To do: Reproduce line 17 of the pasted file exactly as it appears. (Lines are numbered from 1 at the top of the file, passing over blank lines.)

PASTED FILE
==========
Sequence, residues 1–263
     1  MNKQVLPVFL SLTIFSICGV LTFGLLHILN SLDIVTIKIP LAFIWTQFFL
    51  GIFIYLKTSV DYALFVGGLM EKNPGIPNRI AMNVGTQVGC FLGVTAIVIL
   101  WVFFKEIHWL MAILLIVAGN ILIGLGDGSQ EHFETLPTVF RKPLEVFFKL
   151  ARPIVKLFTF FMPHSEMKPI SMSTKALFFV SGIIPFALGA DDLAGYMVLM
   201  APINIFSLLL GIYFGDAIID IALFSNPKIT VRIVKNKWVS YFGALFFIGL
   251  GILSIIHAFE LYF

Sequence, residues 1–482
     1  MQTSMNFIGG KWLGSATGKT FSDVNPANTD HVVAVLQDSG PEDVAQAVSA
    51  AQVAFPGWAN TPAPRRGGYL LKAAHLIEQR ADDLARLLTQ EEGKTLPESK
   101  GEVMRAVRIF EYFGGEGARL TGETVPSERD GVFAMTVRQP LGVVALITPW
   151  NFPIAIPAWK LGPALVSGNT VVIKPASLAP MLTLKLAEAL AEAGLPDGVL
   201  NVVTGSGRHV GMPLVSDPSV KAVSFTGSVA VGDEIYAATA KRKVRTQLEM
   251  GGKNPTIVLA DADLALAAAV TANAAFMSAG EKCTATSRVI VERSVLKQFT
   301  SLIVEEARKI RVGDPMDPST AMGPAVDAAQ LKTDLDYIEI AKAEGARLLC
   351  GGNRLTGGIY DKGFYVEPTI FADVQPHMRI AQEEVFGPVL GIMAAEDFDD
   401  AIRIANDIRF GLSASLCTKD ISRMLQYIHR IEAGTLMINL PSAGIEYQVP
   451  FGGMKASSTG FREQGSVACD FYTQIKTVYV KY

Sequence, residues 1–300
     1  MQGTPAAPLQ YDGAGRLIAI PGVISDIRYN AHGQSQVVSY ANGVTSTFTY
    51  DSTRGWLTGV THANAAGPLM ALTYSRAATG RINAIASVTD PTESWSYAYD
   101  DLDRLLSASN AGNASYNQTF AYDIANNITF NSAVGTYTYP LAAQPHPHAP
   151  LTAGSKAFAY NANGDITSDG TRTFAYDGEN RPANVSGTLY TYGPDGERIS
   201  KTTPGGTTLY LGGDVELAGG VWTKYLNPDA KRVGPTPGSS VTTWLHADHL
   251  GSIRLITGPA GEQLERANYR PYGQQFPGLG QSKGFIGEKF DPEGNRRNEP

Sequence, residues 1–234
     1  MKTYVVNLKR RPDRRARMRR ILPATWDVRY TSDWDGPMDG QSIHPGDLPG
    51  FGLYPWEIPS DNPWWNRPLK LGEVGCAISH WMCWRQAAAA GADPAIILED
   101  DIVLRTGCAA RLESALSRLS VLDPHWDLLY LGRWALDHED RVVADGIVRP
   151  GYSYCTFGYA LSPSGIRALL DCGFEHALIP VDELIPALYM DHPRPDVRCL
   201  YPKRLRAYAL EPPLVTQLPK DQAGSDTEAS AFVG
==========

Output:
   401  AIRIANDIRF GLSASLCTKD ISRMLQYIHR IEAGTLMINL PSAGIEYQVP